Subscription service providers also bank on a low entry barrier, such as a free trial month

Netflix wasn’t always into releasing entire seasons of shows on their platform. But as they saw customers increasingly going for ‘binge-watching’ shows in one session, they modified their offering to encourage this habit. This, and the customised recommendations they already provided based on your viewing habits. Better than going to the store and renting a DVD for yourself each time, right? In fact, most content platforms in the subscription business rely on data generated from you to pander to you.

So why does this work as a factor? Broadly speaking, instead of going on a huge shopping spree in one-go, you are indulging yourself every month for smaller amounts. Same cost, less guilt.

  • Access 1 – Ownership 0

If there is one thing the modern customer is clearly against, it is owning a ton of stuff. From our documents to our content, we are moving away from the need to have local instances or physical goods when we own something. When it comes to digital content, technology has definitely played a significant role in this with better and more accessible mobile internet and public WiFi. If you told a person in the early 2000s that they will not have a single local copy of any of the albums they have purchased over the years, they will probably call you crazy. Today, it’s the norm.

Interest in subscribing to products has been steadily increasing, and shows a steep growth in demand recently
Interest in subscribing to products has been steadily increasing and shows a steep growth in demand recently

As Zuora CEO, Tien Tzuo, the person who coined the term ‘subscription economy’, puts it, it’s all about “throwing ownership to the curb”. And there are reasons behind this. Take GE for instance. General Electric offers jet engines on a subscription model – customers only pay for the time the jet engine is in the air. This happens with the help of thousands of sensors that are placed on each engine. Now, these same engines would cost a $75 million approx up front if they were purchased. A subscription model often helps a customer avoid the steep initial cost involved in an outright ownership deal. And of course, as shown in the Apple iPhone membership plans, there are additional benefits thrown in like regular servicing and warranty, the latest products at launch with minor additional costs and more. Overall, in ‘buy’ vs ‘rent’ (or subscribe), ‘buy’ is definitely losing right now.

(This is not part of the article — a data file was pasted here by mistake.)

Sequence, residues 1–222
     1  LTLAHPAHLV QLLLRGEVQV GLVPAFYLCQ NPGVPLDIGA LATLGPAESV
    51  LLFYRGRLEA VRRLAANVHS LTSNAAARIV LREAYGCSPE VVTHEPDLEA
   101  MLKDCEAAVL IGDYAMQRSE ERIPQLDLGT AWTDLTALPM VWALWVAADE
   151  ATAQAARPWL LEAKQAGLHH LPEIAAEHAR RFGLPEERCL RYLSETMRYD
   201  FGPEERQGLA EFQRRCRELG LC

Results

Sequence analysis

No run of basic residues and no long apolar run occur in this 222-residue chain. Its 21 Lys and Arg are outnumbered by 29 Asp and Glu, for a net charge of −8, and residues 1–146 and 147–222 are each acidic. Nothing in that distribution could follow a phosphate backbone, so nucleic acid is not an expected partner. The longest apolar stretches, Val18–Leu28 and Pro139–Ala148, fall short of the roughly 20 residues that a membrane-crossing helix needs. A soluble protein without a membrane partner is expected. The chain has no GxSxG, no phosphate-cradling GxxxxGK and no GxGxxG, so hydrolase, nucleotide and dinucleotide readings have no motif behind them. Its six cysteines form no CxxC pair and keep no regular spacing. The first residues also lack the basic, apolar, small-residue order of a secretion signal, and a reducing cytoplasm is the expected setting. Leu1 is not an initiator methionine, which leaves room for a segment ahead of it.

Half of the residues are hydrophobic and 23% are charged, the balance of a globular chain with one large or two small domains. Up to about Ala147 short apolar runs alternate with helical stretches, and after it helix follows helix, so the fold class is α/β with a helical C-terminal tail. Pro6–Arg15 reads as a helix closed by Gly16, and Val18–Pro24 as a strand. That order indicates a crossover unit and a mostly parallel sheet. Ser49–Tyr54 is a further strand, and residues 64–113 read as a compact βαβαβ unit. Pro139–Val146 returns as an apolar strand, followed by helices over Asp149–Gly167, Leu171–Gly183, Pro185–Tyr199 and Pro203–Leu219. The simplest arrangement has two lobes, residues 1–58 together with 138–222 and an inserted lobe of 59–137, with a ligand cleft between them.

But is this really all good?

Not necessarily. Each of the points mentioned above can be looked at from a negative perspective as well. For instance, with regularised payments, the customer has less control over individual transactions and cannot stop a merchant from charging them without the specific ‘unsubscribe’ process. As a result, customers are unlikely to stop a service entirely due to a few instances of bad service, or might not be entirely aware of the charges being levied by the business.

Additionally, one of the main draws of the subscription model – curation – is also one of its main problems. As a customer keeps using a particular subscription service, the service itself goes on to know the customer better and improve its recommendations. But, the recommendations originate in a pool of products/content/services, which gradually gets smaller as the service understands you better. This might reach a point where the service is showing you exactly what you need according to your previous actions. While this might sound like an absurd point to call a problem, think about it from a discovery point of view. Take news services for instance. If a news feed provider, like Facebook or Apple News, keeps offering you articles that you like to see or are interested in, are they really doing their job of keeping you informed? In fact, this is already happening.

If you keep accepting recommendations, how much time will it take to eliminate your choice entirely?
If you keep accepting recommendations, how much time will it take to eliminate your choice entirely?

Take another example in the form of content recommendation, or more specifically, music streaming. If you use a service like Spotify or Google Play Music, you might have experienced their discovery services. If you keep using this service, further recommendations from such a service would be based on previous recommendations that you listened to. Gradually, this might lead to the reduction of your role in the recommendations and at one point of time, your entire music taste might just be made up of what Google thinks you should listen to.

Shopping: The auto-pilot version

We’ve talked about AI doing your shopping for you. While that is still in the distant future, we might just be preparing ourselves for a future like that with subscription models. The paradox of choice has been demonstrated time and again in our difficulty to make a decision when options are plenty. The subscription model solves that problem in the guise of curated offerings. With the number of choices our brain has to make every day at every point, it is pretty natural that some kind of a ‘choice fatigue’ sets in, especially for everyday, routine objects. And with the increasing trust, we have on ‘curated recommendations’ formulated from our own data, it’s pretty natural to experience a sense of liberation by choosing subscription models over the buy-as-you-go model of shopping. Be it time, be it effort – and sometimes money – the truth is that the subscription model does save you a lot of stuff. Now, whether that time, money or effort is being redirected into something more useful, or just another round of ‘Netflix and Chill’, is entirely up to the current generation of consumers.

Arnab Mukherjee

Arnab Mukherjee

A former tech-support desk jockey, you can find this individual delving deep into all things tech, fiction and food. Calling his sense of humour merely terrible would be a much better joke than what he usually makes.